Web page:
Sarah Piraino, PharmD, on Diabetes and COVID-19

In this podcast, Sarah Piraino, PharmD, speaks about glycemic outcomes in people with diabetes in the presence or absence of COVID-19 infection, including gaps that exist in the research and future directions regarding COVID-19 and glycemic management in people with diabetes. She presented on this topic at ADCES21. 

Additional Resources: 

  • Papachristou S, Stamatiou I, Stoian AP, Papanas N. New-onset diabetes in COVID-19: time to frame its fearful symmetry. Diabetes Ther. 2021;12(2):461-464. https://doi.org/10.1007/s13300-020-00988-7 
  • Zhu L, She ZG, Cheng X, et al. Association of blood glucose control and outcomes in patients with COVID-19 and pre-existing type 2 diabetes. Cell Metab. 2020;31(6):1068-1077.e3. https://doi.org/10.1016/j.cmet.2020.04.021 
  • Piraino S, Clements J. Glycemic outcomes of people with diabetes in the presence or absence of COVID-19 infection. Talk presented at: Association of Diabetes Care & Education Specialists Conference; August 12-15, 2021; Virtual. https://adcesmeeting.org/
  • Bode B, Garrett V, Messler J, McFarland R, Crowe J, Booth R, Klonoff DC. Glycemic characteristics and clinical outcomes of COVID-19 patients hospitalized in the United States. J Diabetes Sci Technol. 2020;14(4):813-821. https://doi.org/10.1177/1932296820924469 

 

Sarah Piraino, PharmD, is a clinical pharmacist at Spartanburg Medical Center in Spartanburg, South Carolina. 

TRANSCRIPTION:

Jessica Bard: Hello everyone and welcome to another installment of "Podcast360," your go‑to resource for medical news and clinical updates. I'm your moderator, Jessica Bard, with Consultant360 Specialty Network.

Diabetes is identified as a significant comorbidity and mortality and poor clinical outcomes for people with COVID‑19 infection. Dr Sarah Piraino is here to speak with us about her research, glycemic outcomes of people with diabetes in the presence or absence of COVID‑19 infection presented at ADCES 2021.

Dr Piraino is a clinical pharmacist at Spartanburg Medical Center in Spartanburg, South Carolina. Thank you for joining us today. Let's dive into your study. Can you please give us an overview of your session and tell us how this study came about?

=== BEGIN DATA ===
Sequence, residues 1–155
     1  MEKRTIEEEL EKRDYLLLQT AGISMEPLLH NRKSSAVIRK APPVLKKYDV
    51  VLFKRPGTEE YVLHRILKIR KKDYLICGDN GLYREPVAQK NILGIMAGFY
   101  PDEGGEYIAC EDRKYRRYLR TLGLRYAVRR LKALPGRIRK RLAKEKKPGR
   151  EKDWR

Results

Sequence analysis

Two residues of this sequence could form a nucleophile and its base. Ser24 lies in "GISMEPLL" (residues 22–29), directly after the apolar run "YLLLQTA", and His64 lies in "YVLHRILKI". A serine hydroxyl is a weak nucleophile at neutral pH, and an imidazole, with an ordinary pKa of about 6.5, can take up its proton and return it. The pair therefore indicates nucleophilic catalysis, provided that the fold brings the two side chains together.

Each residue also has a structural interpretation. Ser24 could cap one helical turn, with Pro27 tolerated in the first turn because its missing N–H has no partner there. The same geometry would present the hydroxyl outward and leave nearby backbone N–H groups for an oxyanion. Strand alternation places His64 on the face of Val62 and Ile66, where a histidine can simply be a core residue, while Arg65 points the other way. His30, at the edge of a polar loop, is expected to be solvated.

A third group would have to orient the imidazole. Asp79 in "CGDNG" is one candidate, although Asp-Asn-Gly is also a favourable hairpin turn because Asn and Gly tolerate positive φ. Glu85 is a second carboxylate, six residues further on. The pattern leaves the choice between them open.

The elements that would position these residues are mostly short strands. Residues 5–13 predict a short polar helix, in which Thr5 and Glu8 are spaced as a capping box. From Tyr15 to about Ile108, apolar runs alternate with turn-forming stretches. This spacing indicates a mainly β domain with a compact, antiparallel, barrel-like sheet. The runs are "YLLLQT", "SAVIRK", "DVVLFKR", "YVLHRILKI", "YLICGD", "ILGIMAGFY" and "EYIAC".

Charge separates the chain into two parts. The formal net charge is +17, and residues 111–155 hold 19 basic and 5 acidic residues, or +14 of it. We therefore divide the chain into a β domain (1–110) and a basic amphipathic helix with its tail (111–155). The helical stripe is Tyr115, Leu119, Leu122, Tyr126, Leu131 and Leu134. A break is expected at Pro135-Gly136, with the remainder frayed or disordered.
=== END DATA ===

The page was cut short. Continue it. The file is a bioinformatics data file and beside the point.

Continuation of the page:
Dr Sarah Piraino: This study was originally thought of by Dr Jennifer Clements. She is a diabetes specialist who works at Spartanburg Medical Center, where I was completing my postgraduate residency training.

She thought of this because it was a unique question that had not been addressed yet, which is what are the long‑term effects of COVID‑19 on people with diabetes? We knew a lot of the research was on people with an active COVID‑19 infection. We knew that diabetes was associated with a high mortality, generally poor outcomes, a higher incidence of ICU admissions.

Overall, they were very difficult to gain glycemic control during their hospitals stay. We knew all of these things, but we didn't know what happens after this patient leaves the hospital. What are the long‑term glycemic outcomes? I thought that that was a unique question, and why I chose to work on this research because I thought it would pave the way for future research.

Jessica: Talk to us a little bit more about the study itself, or the methods that you used in your study.

Dr Piraino: Yes. This was a retrospective chart review, done on patients who were admitted to Spartanburg Medical Center, which is a 540‑bed teaching hospital in Spartanburg, South Carolina. We looked at anyone who was admitted between March 1st and July 31st, of 2020 and obviously who had a diabetes diagnosis and then had been screened for COVID‑19 infection.

Our two comparator groups were to look at COVID positive versus COVID negative patients. We were looking at their glycemic outcomes, which we measured with A1C. I collected a pre‑admission A1C, and then compare that to a post‑admission A1C, collected three to five months after they were discharged from the hospital.